Ensuring protection for families supporting children is “especially important these days” in view of recent crises in the world, Foreign Minister Péter Szijjártó said in New York on Wednesday.
According to a statement from the foreign ministry, Szijjártó will address a conference on violence against children held within the 76th General Assembly of the United Nations later in the day. Szijjártó noted the impacts of the coronavirus pandemic and the
“double burden” on parents, who needed to look after their children and do their jobs simultaneously,
adding that the government was planning to reimburse the personal income tax paid by families with children in 2021 if Hungary’s full-year GDP growth rate reached 5.5 percent.
The minister also said that the pandemic restricted most life to the internet, and “a great number of inexperienced users could be an easy target for cyber criminals”.
Minors must be protected not only against fraudsters but extreme ideologies and sexual propaganda,
he said, and called for globally applied regulations.
Concerning Hungary’s recent, contested child protection law, Szijjártó said that during his talks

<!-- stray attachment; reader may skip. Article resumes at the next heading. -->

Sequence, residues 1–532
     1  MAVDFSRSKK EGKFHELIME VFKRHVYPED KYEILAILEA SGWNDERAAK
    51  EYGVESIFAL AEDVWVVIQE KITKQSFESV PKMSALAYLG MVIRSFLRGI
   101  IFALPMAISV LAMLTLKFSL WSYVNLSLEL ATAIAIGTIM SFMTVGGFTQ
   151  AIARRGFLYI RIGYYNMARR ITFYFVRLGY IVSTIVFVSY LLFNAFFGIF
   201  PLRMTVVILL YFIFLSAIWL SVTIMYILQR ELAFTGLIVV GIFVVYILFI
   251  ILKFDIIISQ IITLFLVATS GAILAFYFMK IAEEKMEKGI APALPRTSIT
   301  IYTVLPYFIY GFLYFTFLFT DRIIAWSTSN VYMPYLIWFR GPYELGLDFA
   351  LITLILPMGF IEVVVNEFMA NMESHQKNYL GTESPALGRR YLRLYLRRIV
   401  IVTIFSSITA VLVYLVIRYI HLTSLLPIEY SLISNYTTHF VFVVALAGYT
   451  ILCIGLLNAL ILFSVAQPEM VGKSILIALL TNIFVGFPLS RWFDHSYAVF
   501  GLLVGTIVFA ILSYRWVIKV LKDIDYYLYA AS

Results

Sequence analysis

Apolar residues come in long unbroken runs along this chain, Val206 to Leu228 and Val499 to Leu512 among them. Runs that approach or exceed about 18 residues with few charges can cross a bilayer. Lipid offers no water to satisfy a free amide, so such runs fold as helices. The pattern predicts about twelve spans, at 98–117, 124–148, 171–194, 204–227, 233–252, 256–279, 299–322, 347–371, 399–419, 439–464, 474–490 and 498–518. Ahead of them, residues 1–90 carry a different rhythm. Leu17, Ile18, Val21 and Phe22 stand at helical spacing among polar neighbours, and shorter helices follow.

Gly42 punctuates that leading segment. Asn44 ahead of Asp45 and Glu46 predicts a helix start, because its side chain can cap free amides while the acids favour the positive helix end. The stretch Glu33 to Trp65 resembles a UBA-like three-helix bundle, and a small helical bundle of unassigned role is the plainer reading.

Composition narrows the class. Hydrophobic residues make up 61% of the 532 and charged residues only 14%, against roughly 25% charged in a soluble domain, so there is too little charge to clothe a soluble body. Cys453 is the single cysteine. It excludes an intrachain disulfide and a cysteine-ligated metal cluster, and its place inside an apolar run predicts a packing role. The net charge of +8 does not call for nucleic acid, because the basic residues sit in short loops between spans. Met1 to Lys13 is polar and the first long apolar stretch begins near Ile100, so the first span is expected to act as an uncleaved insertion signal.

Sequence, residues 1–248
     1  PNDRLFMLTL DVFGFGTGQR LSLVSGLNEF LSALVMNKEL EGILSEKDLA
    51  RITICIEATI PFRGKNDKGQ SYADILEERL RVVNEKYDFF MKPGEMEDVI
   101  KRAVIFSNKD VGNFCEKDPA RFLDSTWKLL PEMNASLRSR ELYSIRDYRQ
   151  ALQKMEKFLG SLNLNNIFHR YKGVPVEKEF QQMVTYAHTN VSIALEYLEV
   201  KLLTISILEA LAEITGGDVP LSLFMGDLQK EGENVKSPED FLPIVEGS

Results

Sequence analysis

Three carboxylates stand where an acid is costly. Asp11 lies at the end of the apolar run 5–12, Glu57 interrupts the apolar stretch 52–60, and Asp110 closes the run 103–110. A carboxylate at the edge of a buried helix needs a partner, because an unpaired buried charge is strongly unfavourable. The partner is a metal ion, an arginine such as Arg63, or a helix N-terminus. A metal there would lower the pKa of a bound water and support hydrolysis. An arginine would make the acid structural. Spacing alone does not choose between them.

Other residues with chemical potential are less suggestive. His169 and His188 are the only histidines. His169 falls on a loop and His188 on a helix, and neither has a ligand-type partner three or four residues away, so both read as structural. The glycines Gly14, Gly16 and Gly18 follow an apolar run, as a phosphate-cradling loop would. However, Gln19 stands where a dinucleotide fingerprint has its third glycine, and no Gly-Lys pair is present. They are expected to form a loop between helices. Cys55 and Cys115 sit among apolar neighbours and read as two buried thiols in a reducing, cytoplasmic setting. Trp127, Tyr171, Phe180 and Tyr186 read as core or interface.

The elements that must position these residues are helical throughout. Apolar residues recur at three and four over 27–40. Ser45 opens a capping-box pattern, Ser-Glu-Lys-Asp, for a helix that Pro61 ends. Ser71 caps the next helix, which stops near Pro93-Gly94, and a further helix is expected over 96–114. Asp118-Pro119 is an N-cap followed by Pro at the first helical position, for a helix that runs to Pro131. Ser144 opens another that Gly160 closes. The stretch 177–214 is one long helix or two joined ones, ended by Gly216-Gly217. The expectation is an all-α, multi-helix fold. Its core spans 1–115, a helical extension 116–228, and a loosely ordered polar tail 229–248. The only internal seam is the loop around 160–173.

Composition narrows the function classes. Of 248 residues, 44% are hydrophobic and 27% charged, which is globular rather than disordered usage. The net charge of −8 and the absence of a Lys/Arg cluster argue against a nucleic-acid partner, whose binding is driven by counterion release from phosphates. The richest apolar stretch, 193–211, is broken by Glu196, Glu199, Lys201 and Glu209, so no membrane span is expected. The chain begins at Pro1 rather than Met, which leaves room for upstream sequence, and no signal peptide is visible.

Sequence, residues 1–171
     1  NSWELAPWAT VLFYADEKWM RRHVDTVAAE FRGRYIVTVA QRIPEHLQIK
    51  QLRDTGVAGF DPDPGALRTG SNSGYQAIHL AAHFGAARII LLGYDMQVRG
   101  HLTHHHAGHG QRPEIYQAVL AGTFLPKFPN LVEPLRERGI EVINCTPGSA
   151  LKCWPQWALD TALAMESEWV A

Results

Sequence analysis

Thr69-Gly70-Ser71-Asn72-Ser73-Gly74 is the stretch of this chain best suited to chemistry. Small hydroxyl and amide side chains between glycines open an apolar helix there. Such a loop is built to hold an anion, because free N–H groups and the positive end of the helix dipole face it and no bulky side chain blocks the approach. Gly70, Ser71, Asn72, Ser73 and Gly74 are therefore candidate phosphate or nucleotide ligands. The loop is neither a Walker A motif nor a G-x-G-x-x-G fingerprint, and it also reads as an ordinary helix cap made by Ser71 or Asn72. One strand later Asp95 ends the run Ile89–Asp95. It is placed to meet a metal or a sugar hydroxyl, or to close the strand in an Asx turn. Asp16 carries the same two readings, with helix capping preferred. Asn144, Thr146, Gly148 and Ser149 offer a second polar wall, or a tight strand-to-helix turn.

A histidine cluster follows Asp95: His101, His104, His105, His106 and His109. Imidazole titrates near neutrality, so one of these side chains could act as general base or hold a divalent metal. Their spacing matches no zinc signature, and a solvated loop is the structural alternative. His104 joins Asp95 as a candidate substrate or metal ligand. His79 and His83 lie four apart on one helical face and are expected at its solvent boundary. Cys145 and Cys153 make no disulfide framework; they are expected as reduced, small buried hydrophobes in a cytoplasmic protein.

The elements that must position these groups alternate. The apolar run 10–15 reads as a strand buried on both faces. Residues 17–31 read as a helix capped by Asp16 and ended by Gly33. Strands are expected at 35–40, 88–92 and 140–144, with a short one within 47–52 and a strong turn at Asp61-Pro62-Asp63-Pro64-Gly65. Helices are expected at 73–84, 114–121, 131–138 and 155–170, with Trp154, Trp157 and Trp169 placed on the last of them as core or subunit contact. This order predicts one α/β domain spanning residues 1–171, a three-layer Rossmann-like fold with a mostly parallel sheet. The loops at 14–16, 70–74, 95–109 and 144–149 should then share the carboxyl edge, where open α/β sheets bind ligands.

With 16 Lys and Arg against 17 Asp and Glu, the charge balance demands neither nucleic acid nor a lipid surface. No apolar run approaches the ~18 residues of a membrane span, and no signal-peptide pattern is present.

“many” congratulated him on the legislation
“even if they don’t dare do that publicly for fear of political attacks”. Arguing for the law, he said that “parents know their children most and it is quite certain that they can explain what is necessary and they will know what is the best time to do so”. “The sex education of children must be an exclusive right for parents,” he added.
Meanwhile, Prime Minister Viktor Orbán will sign a joint declaration with the heads of state and government attending the 4th Budapest Demographic Summit starting on Thursday, the minister in charge of family affairs told a press conference on Wednesday. The declaration will be the “signatories’ testimony that they see families as the solution to demographic problems”, Katalin Novák said.
The summit will be held on September 23-24 in Budapest’s Várkert Bazár and will focus on the connections between demographics and sustainability, featuring some 70 speakers from 18 countries, Novák said. Some 500 attendees are expected, including state and religious leaders, scientists and NGOs, she said.